To pull all of this together there is a lot of evidence that mental training techniques will help increase overall performance.  By taking an internal self-assessment of the cues that slow us down, the times when we want to quit, and then experimenting with the different mental strategies each of us will be able to identify the tools that serve our needs.  Then using those tools during our training runs will help prepare us for our next race or challenge. 

But remember that you have to practice.  You can’t just show up on race day and utter some mantra and expect it to help. You need to practice finding and responding to your mental queues during training and learn to push through them. 

Two of my favorite sayings come from Marnie McBean, a 3 time gold medal Canadian Olympic rower.  I saw her at a conference a couple of years ago when she gave the closing presentation.  Her first statement was, “I don’t train this hard to win on the easy days, I train this hard to win on the hard days”

To me this means that it is easy to push yourself when the run is going well.  The real challenge is to push yourself when things become difficult. The second phrase I took from her speech was: “There is no joy in overachieving on a mediocre goal.  You have to have 1 goal that truly scares you.”  Losing weight, setting a PR, running a marathon can all be scary goals.  Whatever your goals, by training you body and your mind, you will be much better prepared to accomplish them.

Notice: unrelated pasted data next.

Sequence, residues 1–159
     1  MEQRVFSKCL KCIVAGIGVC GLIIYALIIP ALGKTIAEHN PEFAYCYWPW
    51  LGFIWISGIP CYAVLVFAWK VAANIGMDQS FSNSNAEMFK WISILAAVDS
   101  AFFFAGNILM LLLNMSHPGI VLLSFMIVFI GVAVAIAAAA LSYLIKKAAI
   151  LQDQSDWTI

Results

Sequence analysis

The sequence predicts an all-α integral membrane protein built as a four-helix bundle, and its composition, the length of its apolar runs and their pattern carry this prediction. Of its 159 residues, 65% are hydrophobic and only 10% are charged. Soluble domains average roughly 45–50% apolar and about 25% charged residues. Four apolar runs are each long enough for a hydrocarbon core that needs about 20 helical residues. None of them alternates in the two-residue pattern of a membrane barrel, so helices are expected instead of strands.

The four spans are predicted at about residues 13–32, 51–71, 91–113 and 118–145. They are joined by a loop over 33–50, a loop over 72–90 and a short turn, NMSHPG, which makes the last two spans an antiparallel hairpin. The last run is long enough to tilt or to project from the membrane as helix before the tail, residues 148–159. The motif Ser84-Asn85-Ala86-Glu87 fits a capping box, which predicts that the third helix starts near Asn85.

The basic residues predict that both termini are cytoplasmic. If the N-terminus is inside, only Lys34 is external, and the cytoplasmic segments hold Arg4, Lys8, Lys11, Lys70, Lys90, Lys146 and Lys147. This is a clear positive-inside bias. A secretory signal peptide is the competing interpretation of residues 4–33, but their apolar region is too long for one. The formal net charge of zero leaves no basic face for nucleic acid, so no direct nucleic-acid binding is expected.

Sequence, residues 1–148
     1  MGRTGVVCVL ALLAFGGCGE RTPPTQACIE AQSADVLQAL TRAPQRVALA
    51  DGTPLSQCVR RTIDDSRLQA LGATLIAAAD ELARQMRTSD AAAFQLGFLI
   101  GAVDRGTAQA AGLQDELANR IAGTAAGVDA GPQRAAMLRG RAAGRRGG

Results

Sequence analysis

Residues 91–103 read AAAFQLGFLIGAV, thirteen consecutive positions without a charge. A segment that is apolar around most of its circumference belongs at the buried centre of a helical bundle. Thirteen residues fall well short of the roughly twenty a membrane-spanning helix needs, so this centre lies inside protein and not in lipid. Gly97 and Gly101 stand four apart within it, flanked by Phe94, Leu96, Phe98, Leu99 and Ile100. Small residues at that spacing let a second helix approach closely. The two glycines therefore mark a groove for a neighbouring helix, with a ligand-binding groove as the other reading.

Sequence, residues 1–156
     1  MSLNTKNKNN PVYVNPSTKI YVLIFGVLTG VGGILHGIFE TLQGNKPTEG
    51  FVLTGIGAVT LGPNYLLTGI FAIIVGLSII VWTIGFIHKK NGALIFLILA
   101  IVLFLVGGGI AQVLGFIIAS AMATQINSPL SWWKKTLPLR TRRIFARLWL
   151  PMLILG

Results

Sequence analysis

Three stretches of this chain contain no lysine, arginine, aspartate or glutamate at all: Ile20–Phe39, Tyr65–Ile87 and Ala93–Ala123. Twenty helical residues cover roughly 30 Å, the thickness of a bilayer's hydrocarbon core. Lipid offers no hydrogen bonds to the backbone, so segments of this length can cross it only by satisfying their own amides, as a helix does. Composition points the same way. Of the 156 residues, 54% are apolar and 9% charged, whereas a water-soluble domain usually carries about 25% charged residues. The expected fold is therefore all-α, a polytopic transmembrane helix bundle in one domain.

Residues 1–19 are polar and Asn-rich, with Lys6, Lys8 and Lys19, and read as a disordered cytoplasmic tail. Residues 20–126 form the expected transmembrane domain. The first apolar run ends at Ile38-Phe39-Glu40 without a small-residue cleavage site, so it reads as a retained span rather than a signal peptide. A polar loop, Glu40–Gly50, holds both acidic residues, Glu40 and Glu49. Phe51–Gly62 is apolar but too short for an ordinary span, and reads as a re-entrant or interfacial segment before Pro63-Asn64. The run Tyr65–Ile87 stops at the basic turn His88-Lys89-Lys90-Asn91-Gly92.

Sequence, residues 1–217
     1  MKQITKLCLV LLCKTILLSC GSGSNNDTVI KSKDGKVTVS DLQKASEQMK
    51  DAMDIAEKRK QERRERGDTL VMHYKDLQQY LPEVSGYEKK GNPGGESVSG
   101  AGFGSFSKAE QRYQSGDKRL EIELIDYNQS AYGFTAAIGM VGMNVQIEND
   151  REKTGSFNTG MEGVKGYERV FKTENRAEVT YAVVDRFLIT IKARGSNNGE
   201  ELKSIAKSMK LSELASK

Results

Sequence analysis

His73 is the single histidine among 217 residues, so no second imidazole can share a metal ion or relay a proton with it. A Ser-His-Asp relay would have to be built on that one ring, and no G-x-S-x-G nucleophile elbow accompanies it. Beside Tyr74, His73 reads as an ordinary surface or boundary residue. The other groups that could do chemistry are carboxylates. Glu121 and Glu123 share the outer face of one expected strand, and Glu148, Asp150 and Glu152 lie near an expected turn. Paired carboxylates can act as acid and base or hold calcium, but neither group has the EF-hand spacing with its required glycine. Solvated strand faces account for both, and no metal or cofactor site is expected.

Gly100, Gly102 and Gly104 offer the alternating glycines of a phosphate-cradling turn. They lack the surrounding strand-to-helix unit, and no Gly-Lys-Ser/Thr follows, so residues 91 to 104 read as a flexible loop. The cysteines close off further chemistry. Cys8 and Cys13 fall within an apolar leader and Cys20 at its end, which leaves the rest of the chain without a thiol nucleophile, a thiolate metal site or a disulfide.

YouTube Video

This video is a 9 minute redaction of a Marnie McBean presentation for Canon.  It conveys some of her words and some subtle but very powerful concepts.  Hope you enjoy.

On a related note, I am not sure if you have ever done this, but sometime you should go to a race to cheer.  Go to the middle or toward the end of the course, or even the finish line…just not the start.  Then watch the people passing you.  Yes, you should cheer them on too!  But notice the people.  The ones in front look like light-footed gazelles.  Sometimes their movements look so effortless that you really have to wonder how hard they are actually working…their movements are just so efficient.  But watch the people in the middle of the pack and even toward the end.  Those people always steal my heart.  They are working so hard for their time and you can tell that is means so much to them.  I love to cheer these people too because it means so much to them.  If you have never done this at a race, try it sometime. 

Run well…


Shawn Herbig is an RRCA Certified Running Coach.  In his day job he owns a market research and data analytics firm called IQS Research. 

© 2013 Shawn Herbig